Pregnancy and Prevention of Perinatal HIV Transmission
Thursday, 10 am - 12:30 pm
Presentation Time: 12:00 pm
Background: In many developing countries, breast-feeding reduces the value of antenatal and peri-partum HIV chemoprophylaxis interventions, but formula-feeding is often associated with increased infant morbidity and mortality. Strategies to reduce postnatal HIV transmission and extend HIV-free infant survival are desperately needed.
Methods: HIV+ pregnant women presenting for antenatal care at 4 sites in Botswana were randomized to a partially double blinded, 2x2 factorial clinical trial investigating several perinatal interventions and infant feeding strategies to prevent mother-to-child HIV transmission. We present the first planned final results from the feeding strategy interventions in which all infants received 1 month zidovudine (ZDV) prophylaxis and either formula-feeding (FF) or breast-feeding plus ZDV through 6 months (BF+ZDV). All mothers received antenatal and intra-partum prophylaxis. The primary efficacy endpoints for the feeding interventions were 7-month HIV positivity and 18-month HIV-free survival. Cumulative event rates were estimated from Kaplan-Meier methods.
Results: Of the 1200 HIV+ women randomized, 591 infants assigned to FF and 588 to BF+ZDV were live-born. By 18 months, 86 infants had acquired HIV, 109 died, and 166 either acquired HIV or died. Cumulative overall infant adverse event rates at 7 months were similar, except for higher mortality in the FF arm (7.6% vs 3.7%, p = 0.003); 9.2% in the BF+ZDV arm stopped ZDV for toxicity. The cumulative 7-month HIV positivity rates were 5.6% and 9.1% in the FF and BF+ZDV arms, respectively (95% confidence interval for difference [BF+ZDV – FF], 0.4 to 6.5%, p = 0.04]. The cumulative rates of HIV-free survival at 18 months were 86% and 84% for FF and BF+ZDV arms, respectively (95% CI for difference, –6.0 to 2.5%, p = 0.42). There was some evidence of a quantitative interaction between feeding strategy and perinatal intervention arms, with the FF advantage greater when mothers and infants received single-dose NVP than when they did not.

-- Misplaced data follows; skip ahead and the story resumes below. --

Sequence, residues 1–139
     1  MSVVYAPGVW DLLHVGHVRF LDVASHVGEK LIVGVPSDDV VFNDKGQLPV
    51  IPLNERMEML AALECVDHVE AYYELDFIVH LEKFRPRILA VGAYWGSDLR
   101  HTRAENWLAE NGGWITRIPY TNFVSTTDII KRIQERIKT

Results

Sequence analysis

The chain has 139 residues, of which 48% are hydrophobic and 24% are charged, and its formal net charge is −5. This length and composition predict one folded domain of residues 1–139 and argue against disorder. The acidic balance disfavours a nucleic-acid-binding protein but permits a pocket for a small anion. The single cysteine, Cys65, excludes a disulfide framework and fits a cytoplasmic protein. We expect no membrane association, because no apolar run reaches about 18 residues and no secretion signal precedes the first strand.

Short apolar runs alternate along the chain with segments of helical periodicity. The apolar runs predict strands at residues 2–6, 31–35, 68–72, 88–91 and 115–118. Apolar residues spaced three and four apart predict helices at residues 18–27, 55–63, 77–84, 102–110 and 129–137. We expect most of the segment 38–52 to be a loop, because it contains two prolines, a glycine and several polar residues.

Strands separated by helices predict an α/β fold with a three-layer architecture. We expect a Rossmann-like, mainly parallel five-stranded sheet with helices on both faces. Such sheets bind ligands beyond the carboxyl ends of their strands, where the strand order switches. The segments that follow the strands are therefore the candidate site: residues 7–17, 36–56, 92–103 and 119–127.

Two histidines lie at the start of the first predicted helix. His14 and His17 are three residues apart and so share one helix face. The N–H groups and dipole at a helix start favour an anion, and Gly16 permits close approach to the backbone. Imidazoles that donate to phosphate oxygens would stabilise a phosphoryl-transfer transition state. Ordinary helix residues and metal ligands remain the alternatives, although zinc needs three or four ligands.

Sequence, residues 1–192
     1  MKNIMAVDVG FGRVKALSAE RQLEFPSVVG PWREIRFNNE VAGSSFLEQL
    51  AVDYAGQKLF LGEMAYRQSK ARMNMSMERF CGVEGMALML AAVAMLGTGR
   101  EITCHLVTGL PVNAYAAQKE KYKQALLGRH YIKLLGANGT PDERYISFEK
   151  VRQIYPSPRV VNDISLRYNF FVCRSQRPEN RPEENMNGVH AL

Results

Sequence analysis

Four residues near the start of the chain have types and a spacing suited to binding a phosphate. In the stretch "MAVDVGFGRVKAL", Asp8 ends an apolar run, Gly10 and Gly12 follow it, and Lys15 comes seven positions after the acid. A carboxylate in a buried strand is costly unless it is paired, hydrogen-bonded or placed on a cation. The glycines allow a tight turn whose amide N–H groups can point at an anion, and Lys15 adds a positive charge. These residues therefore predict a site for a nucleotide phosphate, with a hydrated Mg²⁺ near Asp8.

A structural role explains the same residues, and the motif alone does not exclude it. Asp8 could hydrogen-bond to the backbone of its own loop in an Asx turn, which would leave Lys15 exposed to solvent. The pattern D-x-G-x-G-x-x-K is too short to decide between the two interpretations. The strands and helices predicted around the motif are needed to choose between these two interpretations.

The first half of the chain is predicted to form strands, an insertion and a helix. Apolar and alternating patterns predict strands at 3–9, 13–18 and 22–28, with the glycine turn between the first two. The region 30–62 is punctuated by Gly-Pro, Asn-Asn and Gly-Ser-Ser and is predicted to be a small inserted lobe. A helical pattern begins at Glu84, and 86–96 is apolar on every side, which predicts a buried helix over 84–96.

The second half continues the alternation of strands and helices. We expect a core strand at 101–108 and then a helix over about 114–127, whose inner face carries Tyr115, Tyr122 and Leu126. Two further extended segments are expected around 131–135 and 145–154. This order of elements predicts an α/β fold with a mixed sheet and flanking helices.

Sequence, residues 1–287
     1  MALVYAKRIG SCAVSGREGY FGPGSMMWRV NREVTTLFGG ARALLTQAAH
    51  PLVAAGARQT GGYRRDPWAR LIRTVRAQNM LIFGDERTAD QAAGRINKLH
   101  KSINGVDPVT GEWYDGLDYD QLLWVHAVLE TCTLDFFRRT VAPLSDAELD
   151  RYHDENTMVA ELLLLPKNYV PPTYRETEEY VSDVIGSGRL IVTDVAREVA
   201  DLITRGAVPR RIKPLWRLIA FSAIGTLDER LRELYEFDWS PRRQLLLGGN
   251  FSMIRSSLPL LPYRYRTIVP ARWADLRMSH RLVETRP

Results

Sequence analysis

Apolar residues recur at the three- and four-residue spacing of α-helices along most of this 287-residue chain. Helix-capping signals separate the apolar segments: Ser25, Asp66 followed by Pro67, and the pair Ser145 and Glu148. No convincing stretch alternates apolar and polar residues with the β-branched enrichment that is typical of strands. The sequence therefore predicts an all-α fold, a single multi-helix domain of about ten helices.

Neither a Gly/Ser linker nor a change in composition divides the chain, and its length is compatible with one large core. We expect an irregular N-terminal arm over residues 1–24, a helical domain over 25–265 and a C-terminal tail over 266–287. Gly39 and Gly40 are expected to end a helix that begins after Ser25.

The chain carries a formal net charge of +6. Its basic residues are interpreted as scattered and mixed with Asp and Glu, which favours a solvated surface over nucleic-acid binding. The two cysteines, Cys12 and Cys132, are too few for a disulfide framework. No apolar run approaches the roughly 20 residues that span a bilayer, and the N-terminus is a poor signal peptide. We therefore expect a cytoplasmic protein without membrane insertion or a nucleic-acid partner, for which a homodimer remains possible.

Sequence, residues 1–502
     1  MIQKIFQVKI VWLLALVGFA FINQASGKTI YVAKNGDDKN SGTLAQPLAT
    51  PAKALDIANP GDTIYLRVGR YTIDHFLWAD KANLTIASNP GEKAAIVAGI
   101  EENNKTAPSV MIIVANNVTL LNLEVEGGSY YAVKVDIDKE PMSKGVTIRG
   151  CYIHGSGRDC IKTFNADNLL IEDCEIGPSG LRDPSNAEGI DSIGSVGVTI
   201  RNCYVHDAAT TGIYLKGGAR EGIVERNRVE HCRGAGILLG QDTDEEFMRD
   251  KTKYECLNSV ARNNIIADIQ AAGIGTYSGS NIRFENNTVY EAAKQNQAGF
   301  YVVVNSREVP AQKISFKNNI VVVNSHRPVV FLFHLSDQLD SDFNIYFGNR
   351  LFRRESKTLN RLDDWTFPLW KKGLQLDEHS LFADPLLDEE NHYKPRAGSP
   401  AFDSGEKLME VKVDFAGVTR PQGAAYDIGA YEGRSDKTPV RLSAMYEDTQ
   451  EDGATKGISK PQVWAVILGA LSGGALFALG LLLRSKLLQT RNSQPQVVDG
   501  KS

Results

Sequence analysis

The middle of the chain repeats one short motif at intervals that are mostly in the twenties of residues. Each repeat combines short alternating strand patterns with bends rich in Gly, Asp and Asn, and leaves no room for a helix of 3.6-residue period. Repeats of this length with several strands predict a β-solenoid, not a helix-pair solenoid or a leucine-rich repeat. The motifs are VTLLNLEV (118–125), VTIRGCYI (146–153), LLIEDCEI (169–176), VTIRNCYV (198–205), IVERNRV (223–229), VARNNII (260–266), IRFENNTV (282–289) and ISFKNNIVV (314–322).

Conclusions: This is the first study to compare 2 different types of intervention to prevent postnatal HIV transmission. The BF+ZDV arm had higher HIV infection and lower mortality rates than the FF arm by 7 months and comparable HIV-free survival rates by 18 months. While the application of these results may differ depending on socioeconomic conditions and public health infrastructure, high rates of HIV-free survival through 18 months of age were achieved with both infant feeding strategies.
Keywords: prevention of mother to child transmission of HIV; infant feeding; antiretroviral prophylaxis